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Ohio Senate Approves Ending Concealed Carry Permit Requirement

A concealed weapons permit would become optional and the requirement that individuals “promptly” notify police officers that they are carrying a concealed weapon would be eliminated under legislation approved Wednesday along partisan lines by the GOP-controlled Ohio Senate.

The bill is similar to a measure approved by the Ohio House last month, and one of several GOP-backed proposals in recent years seeking to expand gun rights in Ohio. The legislation, dubbed “Constitutional Carry” by its backers, was introduced by state Sen. Terry Johnson, a Republican from southern Ohio’s Scioto County.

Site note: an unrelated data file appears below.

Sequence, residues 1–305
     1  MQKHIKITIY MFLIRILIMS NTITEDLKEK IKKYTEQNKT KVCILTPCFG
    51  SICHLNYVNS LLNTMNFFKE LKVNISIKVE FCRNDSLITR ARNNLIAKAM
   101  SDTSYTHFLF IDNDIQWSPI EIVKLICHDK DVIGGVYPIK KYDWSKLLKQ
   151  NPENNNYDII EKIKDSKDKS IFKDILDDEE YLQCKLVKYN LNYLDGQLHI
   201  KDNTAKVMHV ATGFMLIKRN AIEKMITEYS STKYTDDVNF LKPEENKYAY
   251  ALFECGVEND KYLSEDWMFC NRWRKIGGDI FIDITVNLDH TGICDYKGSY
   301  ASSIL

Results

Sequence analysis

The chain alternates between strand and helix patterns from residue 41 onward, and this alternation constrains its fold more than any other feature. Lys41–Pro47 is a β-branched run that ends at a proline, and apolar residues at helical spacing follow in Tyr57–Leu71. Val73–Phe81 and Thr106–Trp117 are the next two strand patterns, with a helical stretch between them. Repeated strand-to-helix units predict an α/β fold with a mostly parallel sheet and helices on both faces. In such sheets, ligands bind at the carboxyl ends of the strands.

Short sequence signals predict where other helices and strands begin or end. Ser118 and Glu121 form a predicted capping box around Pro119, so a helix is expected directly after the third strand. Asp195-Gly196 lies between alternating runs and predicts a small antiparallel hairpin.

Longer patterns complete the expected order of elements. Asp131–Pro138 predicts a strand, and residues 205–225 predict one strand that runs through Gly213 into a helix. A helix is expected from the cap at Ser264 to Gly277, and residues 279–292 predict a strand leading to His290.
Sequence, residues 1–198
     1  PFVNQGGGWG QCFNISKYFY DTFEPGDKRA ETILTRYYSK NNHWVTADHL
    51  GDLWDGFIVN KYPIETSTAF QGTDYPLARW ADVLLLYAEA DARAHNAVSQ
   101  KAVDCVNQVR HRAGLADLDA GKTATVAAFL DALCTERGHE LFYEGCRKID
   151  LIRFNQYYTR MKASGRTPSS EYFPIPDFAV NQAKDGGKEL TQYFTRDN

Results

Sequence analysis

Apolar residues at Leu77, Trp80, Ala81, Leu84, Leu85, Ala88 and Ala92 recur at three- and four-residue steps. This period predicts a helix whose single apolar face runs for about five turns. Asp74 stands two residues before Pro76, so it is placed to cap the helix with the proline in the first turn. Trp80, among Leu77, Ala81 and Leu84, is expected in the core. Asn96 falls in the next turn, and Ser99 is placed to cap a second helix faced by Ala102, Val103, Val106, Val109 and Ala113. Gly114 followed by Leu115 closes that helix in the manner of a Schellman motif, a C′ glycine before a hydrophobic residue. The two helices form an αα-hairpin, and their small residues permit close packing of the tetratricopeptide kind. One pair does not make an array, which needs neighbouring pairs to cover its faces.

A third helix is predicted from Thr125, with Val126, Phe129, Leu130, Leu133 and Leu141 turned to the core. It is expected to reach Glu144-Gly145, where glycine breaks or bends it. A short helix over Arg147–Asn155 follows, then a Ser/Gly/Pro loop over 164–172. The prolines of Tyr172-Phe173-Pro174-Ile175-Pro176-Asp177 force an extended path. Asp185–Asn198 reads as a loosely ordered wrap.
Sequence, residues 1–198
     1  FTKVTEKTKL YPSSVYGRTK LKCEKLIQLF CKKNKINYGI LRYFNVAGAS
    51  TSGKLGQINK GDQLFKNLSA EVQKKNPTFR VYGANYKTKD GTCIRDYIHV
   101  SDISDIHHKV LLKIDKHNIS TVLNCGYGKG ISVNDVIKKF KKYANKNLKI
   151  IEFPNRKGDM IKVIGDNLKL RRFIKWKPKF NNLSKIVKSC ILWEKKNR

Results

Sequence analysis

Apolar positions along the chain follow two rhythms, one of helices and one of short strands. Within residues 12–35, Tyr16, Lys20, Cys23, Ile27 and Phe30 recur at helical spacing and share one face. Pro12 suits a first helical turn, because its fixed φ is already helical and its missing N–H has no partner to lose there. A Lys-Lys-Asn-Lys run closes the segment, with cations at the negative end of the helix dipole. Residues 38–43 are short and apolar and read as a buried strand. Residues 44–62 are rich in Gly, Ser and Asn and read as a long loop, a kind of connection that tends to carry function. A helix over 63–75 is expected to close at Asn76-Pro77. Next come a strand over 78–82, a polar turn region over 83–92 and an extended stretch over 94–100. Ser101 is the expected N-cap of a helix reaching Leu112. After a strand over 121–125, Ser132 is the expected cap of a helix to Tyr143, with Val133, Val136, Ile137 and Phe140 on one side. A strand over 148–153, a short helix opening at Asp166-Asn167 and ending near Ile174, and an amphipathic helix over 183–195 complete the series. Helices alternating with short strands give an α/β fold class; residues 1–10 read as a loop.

Gun owners could still apply for a concealed weapons permit under the measure, allowing those who obtain it to carry a concealed weapon in states with reciprocity agreements recognizing such permits. In encounters with police, the bill requires only that individuals confirm they are carrying a weapon if asked by an officer.

The concept has the backing of the Buckeye Firearms Association, which says 21 other states allow people to carry a concealed weapon without a license. Gun control groups such as Moms Demand Action for Gun Sense in America oppose it, along with law enforcement groups concerned about the legislation’s lack of required training.

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